All of these photos should be able to pop up larger with the click of a mouse.
As I have enlarged my array of spinning tools to include a second wheel, a drum carder and much fiber, DD keeps swearing that she will never buy a wheel or spin on a wheel. However, since DD is probably about 16 years ahead of where I was at her age with knitting, it stands to reason she'll get hooked on spinning sooner as well.
So, when prowling around the vendor areas Saturday at the Fiber Frolic, our group came across some little tiny drop spindles. Four of our group bought these top whorl drop spindles and some fiber to get started. (I bonded quite well with my Joy and my Rose, but have never done very well with a drop spindle.) Sunday on the second trip to Fiber Frolic, DD and Robyne found larger, heavier drop spindles at Amy's Spunky Eclectic stand at the Fiber Frolic. Amy was there with Adrian sharing a booth, and showing their incredible wares. I found the perfect colorway to make the entrelac Christmas stocking I want to make my eldest. Amy is going to do some custom dye work for me for some worsted weight or bulky weight for that project. I found some great sock yarn. Robyne and I went together to buy one of the Kahuna Girls's birthday present. And Robyne and DD got the larger, heavier top whorl drop spindles. And of course, they came away with some beautiful BFL to learn on......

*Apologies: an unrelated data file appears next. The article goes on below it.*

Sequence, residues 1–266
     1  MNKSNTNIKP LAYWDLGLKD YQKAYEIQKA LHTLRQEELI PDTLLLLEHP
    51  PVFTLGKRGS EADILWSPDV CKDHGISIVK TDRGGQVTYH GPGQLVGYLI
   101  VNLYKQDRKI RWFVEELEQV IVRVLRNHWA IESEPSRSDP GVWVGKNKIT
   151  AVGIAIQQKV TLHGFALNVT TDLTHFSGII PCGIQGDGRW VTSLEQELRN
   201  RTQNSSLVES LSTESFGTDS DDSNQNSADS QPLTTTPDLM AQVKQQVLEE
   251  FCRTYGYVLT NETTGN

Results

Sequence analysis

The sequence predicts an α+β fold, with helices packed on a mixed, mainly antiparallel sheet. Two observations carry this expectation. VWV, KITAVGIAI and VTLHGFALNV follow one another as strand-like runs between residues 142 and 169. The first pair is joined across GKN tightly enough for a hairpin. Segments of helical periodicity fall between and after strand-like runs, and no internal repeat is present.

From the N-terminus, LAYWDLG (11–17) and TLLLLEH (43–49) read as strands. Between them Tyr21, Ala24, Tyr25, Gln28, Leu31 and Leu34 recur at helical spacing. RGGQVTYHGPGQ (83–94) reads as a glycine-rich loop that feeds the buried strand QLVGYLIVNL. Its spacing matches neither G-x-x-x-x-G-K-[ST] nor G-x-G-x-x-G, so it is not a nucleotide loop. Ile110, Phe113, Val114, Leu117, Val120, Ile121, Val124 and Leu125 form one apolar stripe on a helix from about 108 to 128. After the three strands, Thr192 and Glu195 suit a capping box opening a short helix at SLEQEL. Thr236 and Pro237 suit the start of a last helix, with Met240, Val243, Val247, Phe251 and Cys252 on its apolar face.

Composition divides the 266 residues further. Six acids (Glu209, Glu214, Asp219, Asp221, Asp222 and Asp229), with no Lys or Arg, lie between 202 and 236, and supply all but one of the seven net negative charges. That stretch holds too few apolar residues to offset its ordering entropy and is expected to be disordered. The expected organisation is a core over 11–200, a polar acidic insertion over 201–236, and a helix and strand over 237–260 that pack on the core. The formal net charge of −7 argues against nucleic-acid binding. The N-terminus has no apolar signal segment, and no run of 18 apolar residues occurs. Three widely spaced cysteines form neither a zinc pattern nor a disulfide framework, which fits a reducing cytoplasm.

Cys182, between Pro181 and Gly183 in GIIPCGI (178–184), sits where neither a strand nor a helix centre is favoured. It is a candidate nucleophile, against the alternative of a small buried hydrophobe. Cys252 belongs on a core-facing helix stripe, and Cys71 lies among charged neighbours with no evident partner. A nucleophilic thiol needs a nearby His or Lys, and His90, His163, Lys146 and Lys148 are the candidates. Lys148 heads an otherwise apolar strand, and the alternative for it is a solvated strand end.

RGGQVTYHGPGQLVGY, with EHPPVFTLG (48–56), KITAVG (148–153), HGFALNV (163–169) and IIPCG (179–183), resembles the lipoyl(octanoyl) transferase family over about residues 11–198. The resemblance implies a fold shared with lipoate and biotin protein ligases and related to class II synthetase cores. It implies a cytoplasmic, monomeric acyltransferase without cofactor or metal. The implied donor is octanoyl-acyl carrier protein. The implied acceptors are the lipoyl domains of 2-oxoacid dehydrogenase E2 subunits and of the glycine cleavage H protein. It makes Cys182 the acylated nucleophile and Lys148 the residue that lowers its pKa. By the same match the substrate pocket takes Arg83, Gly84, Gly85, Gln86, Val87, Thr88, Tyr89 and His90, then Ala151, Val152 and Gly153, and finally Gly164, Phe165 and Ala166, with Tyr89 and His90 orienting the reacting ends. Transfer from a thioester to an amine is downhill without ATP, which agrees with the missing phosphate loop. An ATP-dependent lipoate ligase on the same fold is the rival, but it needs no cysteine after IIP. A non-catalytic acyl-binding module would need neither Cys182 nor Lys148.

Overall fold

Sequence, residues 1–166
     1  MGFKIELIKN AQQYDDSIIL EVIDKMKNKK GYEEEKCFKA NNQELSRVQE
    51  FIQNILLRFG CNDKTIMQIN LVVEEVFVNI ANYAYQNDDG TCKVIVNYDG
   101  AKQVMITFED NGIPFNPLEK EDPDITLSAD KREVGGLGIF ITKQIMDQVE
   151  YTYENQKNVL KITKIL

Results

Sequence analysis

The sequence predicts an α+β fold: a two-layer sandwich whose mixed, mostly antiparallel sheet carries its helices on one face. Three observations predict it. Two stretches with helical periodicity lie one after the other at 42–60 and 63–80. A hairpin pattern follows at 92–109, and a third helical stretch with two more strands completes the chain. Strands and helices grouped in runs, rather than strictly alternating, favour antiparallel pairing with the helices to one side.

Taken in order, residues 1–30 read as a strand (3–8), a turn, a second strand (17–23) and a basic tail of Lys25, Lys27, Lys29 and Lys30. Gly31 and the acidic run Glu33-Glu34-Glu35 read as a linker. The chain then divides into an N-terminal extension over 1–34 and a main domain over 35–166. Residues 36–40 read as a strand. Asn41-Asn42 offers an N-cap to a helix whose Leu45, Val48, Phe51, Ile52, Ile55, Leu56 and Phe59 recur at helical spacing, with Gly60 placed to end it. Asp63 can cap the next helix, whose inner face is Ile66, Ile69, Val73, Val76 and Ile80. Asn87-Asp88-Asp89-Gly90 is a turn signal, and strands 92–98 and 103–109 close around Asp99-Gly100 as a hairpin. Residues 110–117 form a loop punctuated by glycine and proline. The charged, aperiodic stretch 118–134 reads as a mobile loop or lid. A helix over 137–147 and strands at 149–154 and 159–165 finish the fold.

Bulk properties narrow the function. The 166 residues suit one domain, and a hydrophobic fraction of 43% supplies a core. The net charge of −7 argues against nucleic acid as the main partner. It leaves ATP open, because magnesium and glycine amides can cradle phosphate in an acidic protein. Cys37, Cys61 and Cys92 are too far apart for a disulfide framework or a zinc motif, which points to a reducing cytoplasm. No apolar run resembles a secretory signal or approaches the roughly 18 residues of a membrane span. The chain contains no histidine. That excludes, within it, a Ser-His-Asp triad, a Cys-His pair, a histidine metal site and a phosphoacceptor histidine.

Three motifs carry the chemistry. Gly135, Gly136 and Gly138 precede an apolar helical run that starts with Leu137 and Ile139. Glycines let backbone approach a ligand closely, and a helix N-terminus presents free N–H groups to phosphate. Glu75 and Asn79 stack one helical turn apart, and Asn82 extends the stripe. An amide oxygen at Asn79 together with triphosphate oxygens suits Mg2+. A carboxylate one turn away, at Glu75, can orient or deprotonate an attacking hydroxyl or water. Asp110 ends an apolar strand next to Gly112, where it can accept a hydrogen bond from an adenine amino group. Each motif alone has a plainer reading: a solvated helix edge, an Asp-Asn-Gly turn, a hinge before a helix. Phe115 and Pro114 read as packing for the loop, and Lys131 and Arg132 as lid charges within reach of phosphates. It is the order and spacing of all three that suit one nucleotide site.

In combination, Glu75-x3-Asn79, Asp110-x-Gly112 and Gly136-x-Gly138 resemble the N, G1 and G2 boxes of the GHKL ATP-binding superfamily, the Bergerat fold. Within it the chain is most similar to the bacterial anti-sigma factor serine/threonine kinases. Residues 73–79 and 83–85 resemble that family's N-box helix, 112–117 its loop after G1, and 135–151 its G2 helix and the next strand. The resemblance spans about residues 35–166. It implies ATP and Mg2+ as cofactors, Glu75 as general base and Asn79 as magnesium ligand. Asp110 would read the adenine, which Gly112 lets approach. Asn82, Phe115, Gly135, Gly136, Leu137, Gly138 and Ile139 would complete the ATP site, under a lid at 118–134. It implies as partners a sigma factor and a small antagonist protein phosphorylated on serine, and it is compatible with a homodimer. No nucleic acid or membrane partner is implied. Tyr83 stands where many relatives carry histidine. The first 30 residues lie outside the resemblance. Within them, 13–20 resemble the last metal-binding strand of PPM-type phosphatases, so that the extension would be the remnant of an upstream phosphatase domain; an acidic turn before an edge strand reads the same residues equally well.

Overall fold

Robyne and DD were using their drop spindles all the way back to the Bangor area in the car. At one point, Robyne was asking me questions while I was driving. After that, we decided I wouldn't help them until we got home.
PS The spindles depicted were from a different booth, but too beautiful to not show.
I've never watched a sheep shearing in person prior to today. At the Maine Fiber Frolic this weekend, there was a demonstration while we were there in one of the animal barns. He was shearing a sheep (we didn't see either a llama or an alpaca being shorn) - who was sitting between the shearer's legs. The shearer was using some electric clippers with a long, wide guard on them.
I guess what surprised me most, perhaps because I hadn't really thought about it, was that at the same time, they trimmed the sheep's nails. Now I have big dogs (120 lbs +), and I trim their nails, and I trim my bunnies' nails, but the sheep's hooves were curling in. After some length was taken off, then they took the clippers and trimmed the portion curling inside and around the nail. Then he went and trimmed up the edges. They trim the back hooves first, because the trimming sharpens the hooves and if they start kicking the front legs, it can hurt the person doing the trimming.